Session Title

Genuine Survivals, Cute Theories, and Wishful Thinking: Sorting Wheat from Chaff in Medieval Scholarship about Polytheism

Sponsoring Organization(s)

Polytheism-Oriented Medievalists of North America (P-OMoNA)

Organizer Name

Phillip A. Bernhardt-House

Organizer Affiliation

Skagit Valley College-Whidbey Island/Columbia College-Whidbey Island

Presider Name

Daniel Attrell

Presider Affiliation

Univ. of Waterloo

Paper Title 1

Filid and Pharoahs, Shamans and Scythians: Deciphering Displays of Poetic Skill in Lebor Gabála Érenn

Presenter 1 Name

Sharon Paice MacLeod

Presenter 1 Affiliation

Eólas ar Senchais Research Project

Paper Title 2

Incubation, Inspiration, Incantation, or Invention?: The Imbas Forosnai Ritual in Sanas Cormaic as Divinatory Operation

Presenter 2 Name

Phillip A. Bernhardt-House

Start Date

9-5-2020 10:00 AM

Session Location

Valley 3 Stinson 306

Description

Evidence from Insular Celtic (especially Irish and Welsh) sources has been heavily employed in attempting to understand the pre-Christian religious cultures and theologies of Celtic peoples, sometimes in concert with Romano-British/Gaulish artifacts and epigraphy. But, since many of the scholars engaged in this work are atheists or monotheists with often unacknowledged (anti-) religious biases, and may be excellent philologists yet lack any training in religious studies, how trustworthy are their findings, which then sometimes inspire and influence modern polytheists in their own pursuits of spiritual development?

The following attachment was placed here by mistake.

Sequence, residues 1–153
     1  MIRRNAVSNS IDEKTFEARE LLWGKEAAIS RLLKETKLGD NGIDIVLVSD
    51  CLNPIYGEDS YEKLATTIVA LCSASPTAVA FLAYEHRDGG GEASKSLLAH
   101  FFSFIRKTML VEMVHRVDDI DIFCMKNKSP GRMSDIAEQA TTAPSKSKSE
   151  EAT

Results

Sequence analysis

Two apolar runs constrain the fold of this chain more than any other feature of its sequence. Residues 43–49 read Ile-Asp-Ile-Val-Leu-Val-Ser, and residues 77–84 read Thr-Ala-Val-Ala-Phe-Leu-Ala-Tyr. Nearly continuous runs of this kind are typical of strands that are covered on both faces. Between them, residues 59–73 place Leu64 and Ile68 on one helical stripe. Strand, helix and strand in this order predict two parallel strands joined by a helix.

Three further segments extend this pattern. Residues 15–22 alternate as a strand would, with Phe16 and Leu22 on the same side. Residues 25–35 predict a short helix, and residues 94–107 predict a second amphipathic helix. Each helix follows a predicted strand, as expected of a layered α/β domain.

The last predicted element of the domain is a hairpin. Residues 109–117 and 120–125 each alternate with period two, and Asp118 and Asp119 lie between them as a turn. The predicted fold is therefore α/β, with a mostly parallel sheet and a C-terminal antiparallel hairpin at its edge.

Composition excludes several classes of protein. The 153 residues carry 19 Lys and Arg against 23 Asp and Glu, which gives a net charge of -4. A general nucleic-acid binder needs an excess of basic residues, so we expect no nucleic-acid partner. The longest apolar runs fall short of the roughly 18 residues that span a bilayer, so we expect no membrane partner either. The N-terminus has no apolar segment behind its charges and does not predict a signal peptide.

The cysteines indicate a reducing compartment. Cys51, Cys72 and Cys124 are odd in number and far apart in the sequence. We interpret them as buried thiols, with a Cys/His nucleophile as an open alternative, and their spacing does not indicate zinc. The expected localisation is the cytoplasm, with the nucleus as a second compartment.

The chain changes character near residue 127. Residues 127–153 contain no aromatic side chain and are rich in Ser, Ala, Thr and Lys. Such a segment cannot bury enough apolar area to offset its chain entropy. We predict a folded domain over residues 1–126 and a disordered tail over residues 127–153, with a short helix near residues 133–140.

This session will focus upon both “the good” and “the questionable” in terms of such studies produced through the twentieth and twenty-first centuries, how these have been accepted or dismissed within their individual disciplinary discourses, and likewise how these flawed or fair assessments of the material have been deployed in modern pagan and polytheistic writings and practices. Phillip A. Bernhardt-House

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May 9th, 10:00 AM

Genuine Survivals, Cute Theories, and Wishful Thinking: Sorting Wheat from Chaff in Medieval Scholarship about Polytheism

Valley 3 Stinson 306

Evidence from Insular Celtic (especially Irish and Welsh) sources has been heavily employed in attempting to understand the pre-Christian religious cultures and theologies of Celtic peoples, sometimes in concert with Romano-British/Gaulish artifacts and epigraphy. But, since many of the scholars engaged in this work are atheists or monotheists with often unacknowledged (anti-) religious biases, and may be excellent philologists yet lack any training in religious studies, how trustworthy are their findings, which then sometimes inspire and influence modern polytheists in their own pursuits of spiritual development?

This session will focus upon both “the good” and “the questionable” in terms of such studies produced through the twentieth and twenty-first centuries, how these have been accepted or dismissed within their individual disciplinary discourses, and likewise how these flawed or fair assessments of the material have been deployed in modern pagan and polytheistic writings and practices. Phillip A. Bernhardt-House